A fortnight ago I had no idea I’d be ticking “Guinness World Record holder” off my bucket list.
But as we rolled over the starting line, I was confident that a childhood dream of mine was within reach.
Just less than 33 minutes later, legs on fire, lungs burning, we pounded across the finish line with exhausted relief and certainty that we’d smashed the record by more than 10 minutes.
We’ve all got those friends who plan fun and wild shenanigans. For me, that’s Julian O’Shea – engineer, sustainability advocate and out-of-the-box adventurer with science at the heart of everything he does.
So when he asked if I wanted to get involved in a world record attempt, I knew I was in for a unique experience.
His pitch: break the record for the fastest 10km on a quadricycle, and he wanted to do it on World Bike Day.
For the uninitiated, a quadricycle is a four-wheel, pedal-powered vehicle. In our case, it was essentially two tandem bicycles bolted together to create a four-person contraption.
Our version is hefty, with no gears, and it handles like a fridge — not exactly a machine built for speed or manoeuvrability.
But that’s part of the charm for Julian, who affectionately calls it “clunky”.
“It’s a heavy bike, so a lot of the effort was actually keeping it on the track more than it was the pedalling.”
Shenanigans for change
Julian is no stranger to attempting, and achieving, Guinness World Records. He holds the record for the highest altitude skateboarding (with Sam Newstead, who joined us on the quadricycle alongside record-less Glen Anderson) and he equalled the record for the longest day (a whopping 49 hours).
It’s not all about gathering records, though – for Julian, it’s an opportunity to advocate for some important things.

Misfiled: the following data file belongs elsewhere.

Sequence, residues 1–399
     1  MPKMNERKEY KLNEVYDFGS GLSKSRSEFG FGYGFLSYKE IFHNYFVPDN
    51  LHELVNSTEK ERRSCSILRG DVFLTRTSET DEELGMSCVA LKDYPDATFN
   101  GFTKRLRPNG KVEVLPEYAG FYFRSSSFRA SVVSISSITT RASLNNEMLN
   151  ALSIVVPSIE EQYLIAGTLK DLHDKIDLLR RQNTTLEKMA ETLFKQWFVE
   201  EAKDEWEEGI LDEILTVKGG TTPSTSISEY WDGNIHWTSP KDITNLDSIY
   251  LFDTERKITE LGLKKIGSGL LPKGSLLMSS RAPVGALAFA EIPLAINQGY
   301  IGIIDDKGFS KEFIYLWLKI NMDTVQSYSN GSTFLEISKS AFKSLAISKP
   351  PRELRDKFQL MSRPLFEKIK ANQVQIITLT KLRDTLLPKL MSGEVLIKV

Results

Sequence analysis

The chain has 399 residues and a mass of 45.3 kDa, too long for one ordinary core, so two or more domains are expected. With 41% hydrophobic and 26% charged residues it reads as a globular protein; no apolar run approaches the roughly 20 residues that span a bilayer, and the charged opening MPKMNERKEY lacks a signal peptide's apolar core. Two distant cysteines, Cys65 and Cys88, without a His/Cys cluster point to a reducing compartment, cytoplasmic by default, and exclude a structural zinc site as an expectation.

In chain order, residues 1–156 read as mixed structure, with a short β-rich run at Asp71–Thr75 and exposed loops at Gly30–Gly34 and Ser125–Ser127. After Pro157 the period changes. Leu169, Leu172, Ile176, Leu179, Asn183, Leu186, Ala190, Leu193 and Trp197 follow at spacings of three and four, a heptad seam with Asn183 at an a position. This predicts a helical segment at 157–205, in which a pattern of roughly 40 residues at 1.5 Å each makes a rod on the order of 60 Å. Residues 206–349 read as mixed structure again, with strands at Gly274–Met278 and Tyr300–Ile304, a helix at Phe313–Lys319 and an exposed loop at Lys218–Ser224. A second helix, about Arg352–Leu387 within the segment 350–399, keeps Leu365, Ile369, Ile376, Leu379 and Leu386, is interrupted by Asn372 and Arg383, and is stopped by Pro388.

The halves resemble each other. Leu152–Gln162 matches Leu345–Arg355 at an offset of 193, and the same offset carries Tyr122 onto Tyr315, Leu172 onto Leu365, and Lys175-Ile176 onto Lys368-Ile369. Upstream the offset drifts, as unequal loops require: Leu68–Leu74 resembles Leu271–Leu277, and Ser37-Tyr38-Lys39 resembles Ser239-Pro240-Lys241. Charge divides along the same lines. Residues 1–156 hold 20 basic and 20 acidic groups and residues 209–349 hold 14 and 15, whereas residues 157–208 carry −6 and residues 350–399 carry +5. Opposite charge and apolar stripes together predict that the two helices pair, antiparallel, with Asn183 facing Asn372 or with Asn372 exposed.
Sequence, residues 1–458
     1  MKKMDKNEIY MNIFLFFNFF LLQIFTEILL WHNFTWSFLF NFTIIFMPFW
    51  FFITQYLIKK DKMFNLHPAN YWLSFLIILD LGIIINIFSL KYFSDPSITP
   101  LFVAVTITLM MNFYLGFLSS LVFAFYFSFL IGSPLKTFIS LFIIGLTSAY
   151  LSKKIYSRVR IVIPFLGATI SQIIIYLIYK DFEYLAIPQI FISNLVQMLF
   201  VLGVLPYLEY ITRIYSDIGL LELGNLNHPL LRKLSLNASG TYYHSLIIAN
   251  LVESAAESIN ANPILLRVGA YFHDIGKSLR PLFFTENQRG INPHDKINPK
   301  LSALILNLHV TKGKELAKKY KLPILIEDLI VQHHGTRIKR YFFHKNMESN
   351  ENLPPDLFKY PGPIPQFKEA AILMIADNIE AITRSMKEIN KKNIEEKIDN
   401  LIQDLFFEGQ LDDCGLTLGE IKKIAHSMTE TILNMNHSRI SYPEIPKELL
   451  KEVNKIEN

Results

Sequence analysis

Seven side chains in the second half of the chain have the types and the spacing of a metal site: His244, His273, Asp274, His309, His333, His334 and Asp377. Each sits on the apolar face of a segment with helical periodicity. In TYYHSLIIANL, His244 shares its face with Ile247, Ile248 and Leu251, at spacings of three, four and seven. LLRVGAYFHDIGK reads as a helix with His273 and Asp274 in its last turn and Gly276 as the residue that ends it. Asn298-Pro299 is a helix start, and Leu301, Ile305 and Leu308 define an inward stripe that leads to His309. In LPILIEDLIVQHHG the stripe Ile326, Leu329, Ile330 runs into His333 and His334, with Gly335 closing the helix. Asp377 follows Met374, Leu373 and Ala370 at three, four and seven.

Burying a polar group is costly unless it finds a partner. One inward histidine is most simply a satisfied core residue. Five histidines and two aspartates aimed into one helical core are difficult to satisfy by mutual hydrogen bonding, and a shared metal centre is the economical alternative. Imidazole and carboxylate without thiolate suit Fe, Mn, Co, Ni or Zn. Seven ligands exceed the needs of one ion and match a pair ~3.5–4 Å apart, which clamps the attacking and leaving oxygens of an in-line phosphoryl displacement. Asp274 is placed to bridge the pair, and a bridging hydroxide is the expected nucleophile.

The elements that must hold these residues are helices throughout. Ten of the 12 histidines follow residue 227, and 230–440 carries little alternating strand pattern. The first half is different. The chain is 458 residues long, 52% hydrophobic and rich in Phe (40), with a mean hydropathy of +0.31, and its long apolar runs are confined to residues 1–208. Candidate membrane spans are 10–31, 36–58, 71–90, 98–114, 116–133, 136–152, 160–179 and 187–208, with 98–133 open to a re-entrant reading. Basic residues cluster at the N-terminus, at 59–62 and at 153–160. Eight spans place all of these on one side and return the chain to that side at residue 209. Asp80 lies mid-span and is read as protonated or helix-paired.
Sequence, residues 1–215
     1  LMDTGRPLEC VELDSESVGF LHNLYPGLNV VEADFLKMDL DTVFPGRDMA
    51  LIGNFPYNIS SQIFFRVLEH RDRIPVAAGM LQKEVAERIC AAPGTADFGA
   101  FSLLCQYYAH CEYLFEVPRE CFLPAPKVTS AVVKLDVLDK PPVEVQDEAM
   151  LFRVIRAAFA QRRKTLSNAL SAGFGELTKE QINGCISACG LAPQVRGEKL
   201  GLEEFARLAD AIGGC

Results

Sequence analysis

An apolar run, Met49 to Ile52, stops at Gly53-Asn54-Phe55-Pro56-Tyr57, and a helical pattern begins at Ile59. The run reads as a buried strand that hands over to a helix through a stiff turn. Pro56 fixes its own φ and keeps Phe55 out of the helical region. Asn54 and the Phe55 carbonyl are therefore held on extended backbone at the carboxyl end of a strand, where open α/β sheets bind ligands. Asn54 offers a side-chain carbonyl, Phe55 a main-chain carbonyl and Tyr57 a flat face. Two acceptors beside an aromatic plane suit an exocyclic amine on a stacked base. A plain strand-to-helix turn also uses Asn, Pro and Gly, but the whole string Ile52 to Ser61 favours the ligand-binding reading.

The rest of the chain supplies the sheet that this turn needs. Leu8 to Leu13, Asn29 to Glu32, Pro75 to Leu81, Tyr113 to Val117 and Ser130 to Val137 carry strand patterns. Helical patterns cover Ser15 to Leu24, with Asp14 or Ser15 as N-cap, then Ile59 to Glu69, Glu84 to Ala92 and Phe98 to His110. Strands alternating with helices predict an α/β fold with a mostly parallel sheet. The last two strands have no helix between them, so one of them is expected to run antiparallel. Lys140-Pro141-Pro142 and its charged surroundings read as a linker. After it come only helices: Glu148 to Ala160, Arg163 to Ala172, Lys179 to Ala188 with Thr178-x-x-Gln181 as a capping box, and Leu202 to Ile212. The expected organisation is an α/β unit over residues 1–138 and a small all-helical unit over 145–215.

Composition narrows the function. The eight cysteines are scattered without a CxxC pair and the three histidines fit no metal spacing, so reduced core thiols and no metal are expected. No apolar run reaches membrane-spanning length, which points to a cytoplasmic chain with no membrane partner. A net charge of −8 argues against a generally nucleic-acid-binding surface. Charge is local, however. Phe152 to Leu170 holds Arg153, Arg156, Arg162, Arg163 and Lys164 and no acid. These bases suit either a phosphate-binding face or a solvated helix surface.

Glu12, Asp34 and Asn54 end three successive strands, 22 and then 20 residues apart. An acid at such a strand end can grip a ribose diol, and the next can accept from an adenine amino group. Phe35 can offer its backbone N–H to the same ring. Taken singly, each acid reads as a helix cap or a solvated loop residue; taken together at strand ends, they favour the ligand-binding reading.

“Cities are busy, they’re full, it’s really important that we have clean air, and as we fight climate change, finding more sustainable ways to move around is really important.”
For him, it’s also about transport for people who might have mobility issues.
“It’s so accessible, you don’t have to be able to cycle to be one of the team members.”
Which I took full advantage of a few times as my legs started to tire, stopping for a few seconds to gather strength while the others took the load.
When it comes to finding ways to spread the word about important causes, we’re in good company. There’s a long history of attempting Guinness World Records to help raise awareness for your cause.
In fact, a couple of days after Julian got in touch, Australian sailor Lisa Blair smashed the record for circumnavigating Antarctica solo, in order to bring attention to climate change and climate action.
It’s not even the first time our record had been used for a cause. We were taking it from Corinne Hutton from the UK charity Finding Your Feet, which supports those who have been affected by a life changing physical trauma.
A Guinness World Record can wear many hats
By setting the record on World Bicycle Day, Julian wanted to raise awareness about sustainable, carbon-free transport.
For him, pedal power is just part of the sustainable transport story – he’s also very keen on electric vehicles, but he puts his own unique twist on the idea.
In the past, Julian spearheaded SolarTuk — a solar powered tuktuk expedition that he drove across Australia, then around the world.
He’s even taken to the Yarra River in a kayak made from discarded plastic water bottles.
When it comes to the quadricycle, there’s a certain whimsy and humour. On a test ride the day before our attempt, Julian and I literally turned heads.
I chuckled when two people on electric scooters exclaimed that our transport was cool.
“People look at it, and they love it – the number of [bell] dings and smiles you get is incredible.”
When I ask Julian what’s next, he’s got another Guinness World Record in his sights.
“There’s a 12-hour quadricycling record we could try…”
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